Homemade croutons add a nice crunch factor to any salad or soup, plus makes eating your veggies much more enticing. By simply cutting bread into smaller pieces, tossing them in olive oil and toasting, the texture completely transforms to super crispy bites.
It happens all of the time, perfectly good pieces of bread are just thrown away. Just because they’re a week old or maybe the unwanted ends, doesn’t mean they can’t be used for another culinary application. Leftover slices or loaves can be cut or torn into smaller pieces then toasted in the oven or over the stove top to make a tasty garnish.
Any type of bread, from fluffy white sandwich slices, sourdough loaves, gluten-free, uneaten rolls, pita, or even cornbread are candidates. I’m going to show you two methods for making croutons so that you always have these tiny taste boosters on hand.
Cut the bread
Cut or tear the bread into evenly-sized pieces so the cooking time is consistent. I recommend about ¾-inch sized pieces, but they can be made smaller to about ½-inch or larger 1-inch size. The cook times will differ so use your senses to check and see when the bread is completely toasted and crisp. The crust can be left on the bread and adds a nice color and flavor to the croutons.
Coat with oil
The cut bread should be lightly coated with extra-virgin olive oil or any type of fat with a higher smoke point. Other fats that can be used are avocado oil, vegetable oil, ghee, or even melted coconut oil. This will make the bread lightly fry during baking and to create a crispier texture.
Make croutons plain without any seasonings, or have fun with some flavor combinations. For this recipe, I add salt and dried Italian seasonings. Other options are black pepper, onion powder, onion salt, dried rosemary, thyme, or smoked paprika sprinkled on after baking.
Method #1: making croutons in the oven
Baking ensures that the bread is evenly toasted, completely dry, and crisp. This method works best for cubed bread like French loaves or sandwich bread, torn pieces or more dense rustic bread, rolls, flatbreads like pita, or savory and sweet cakes like cornbread.
The oven temperature should be at 375ºF (191ºC) for baking the croutons. This temperature allows the oven’s heat to effectively dry the center of the bread and add color. Since the pieces are larger compared to making bread crumbs, higher heat is needed. Make sure to stir the croutons every 5 minutes until it’s crispy and evenly toasted.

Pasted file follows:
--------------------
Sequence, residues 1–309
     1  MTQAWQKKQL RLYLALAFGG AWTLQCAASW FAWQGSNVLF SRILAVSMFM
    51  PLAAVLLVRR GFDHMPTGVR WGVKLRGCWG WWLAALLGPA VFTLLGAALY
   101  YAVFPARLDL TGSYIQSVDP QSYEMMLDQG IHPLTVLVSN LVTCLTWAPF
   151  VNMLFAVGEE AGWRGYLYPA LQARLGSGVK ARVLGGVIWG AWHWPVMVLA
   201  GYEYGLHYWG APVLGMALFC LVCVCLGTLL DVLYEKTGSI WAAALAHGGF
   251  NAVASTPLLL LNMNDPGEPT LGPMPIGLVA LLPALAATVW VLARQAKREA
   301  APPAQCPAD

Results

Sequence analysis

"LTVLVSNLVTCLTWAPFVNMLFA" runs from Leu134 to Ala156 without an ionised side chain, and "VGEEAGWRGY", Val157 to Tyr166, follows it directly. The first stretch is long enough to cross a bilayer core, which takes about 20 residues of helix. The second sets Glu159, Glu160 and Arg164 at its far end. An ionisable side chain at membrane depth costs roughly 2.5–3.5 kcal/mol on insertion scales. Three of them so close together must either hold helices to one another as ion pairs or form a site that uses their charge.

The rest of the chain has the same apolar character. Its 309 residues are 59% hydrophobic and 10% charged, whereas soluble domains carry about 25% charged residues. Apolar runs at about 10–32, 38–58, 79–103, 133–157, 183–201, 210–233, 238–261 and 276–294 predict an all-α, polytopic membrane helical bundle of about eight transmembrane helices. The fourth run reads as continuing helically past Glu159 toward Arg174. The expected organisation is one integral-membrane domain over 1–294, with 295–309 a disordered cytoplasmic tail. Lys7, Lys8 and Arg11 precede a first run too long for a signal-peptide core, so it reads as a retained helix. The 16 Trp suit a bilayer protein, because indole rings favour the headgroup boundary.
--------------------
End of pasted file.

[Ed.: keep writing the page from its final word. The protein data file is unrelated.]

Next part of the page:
Method #2: making croutons on the stove-top
When you want to make a quick batch of croutons or have limited space in the kitchen, use this stove top method. It works best for bread cut into cubes or torn pieces. This technique is a little more interactive because the heat is not as consistent compared to the oven, but it’s still very easy to do.
Heat a large skillet like stainless steel or cast iron pan over medium heat. Make sure to add the bread in a single layer and do not move them. After about 2 minutes, stir the croutons, and try to flip over any sides that have not been toasted. Repeat the stirring process every two minutes, until the bread is hardened, dry, and lightly browned. This will take about 8 to 10 minutes.
Allow time to cool after cooking
To ensure that the croutons are completely dry, leave them on the baking sheet or in the pan. The residual heat will gently transfer allowing the croutons to finish drying without becoming burnt.
How to store homemade croutons
Store croutons in a resealable plastic bag with as much air removed as possible. You can also keep them in an airtight container. The croutons can also be stored at room temperature, in the refrigerator, or frozen. However, it’s best to keep them on the counter or frozen. This helps to prevent humidity and moisture from entering the croutons, causing them to become stale and less crispy. Defrost frozen croutons on a paper towel for about 1 hour before using. Croutons will last 2 weeks at room temperature or 1 month frozen.
Ways to use croutons
- Add them to salads like kale Caesar or cobb salad
- Serve on top of soups like French onion or minestrone
- Break them up and sprinkle on top of green beans or macaroni and cheese
Baking vs. stove-top
The advantage of baking croutons is that hot air circulating in the oven from nearby radiant heat dries out the bread by convection, and results in a more even color. For stove-top, the heat source comes from the bottom of the pan and cooks by conduction. Because the heat is much closer, more intense, and less consistent, frequent stirring is needed for even drying, but you’ll notice darker spots.
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- 4 ounces bread, cut into ¾-inch cubes
- 2 tablespoons extra virgin olive oil
- ¼ teaspoon kosher salt
- ¼ teaspoon Italian seasonings, optional
- Set the oven rack to center position. Preheat to 375ºF.
- Add about 4 cups worth of bread cubes to a medium-sized bowl. Drizzle olive oil on top, stir evenly to coat.
- Sprinkle salt and Italian seasonings, stir to combine.
- Transfer bread to a sheet pan, spreading into a single layer. Bake for 5 minutes, stir and bake another 5 minutes. The croutons should be lightly browned and crispy.
- Bake for another 2 to 4 minutes, or as needed to make the cubes dry and crunchy.
- Allow them to cool on the sheet pan for 10 minutes. Transfer to an airtight container.
Stove Top Croutons
- Add bread cubes to a medium-sized bowl. Drizzle olive oil on top, stir evenly to coat.
- Sprinkle salt and Italian seasonings, stir to combine.
- Heat a large skillet over medium heat. Once hot add breadcubes in a single layer.
- Allow bread to toast, stirring every 2 minutes until lightly browned and crispy, about 8 to 10 minutes total.
- Allow them to cool in the skillet for 10 minutes. Transfer to an airtight container.
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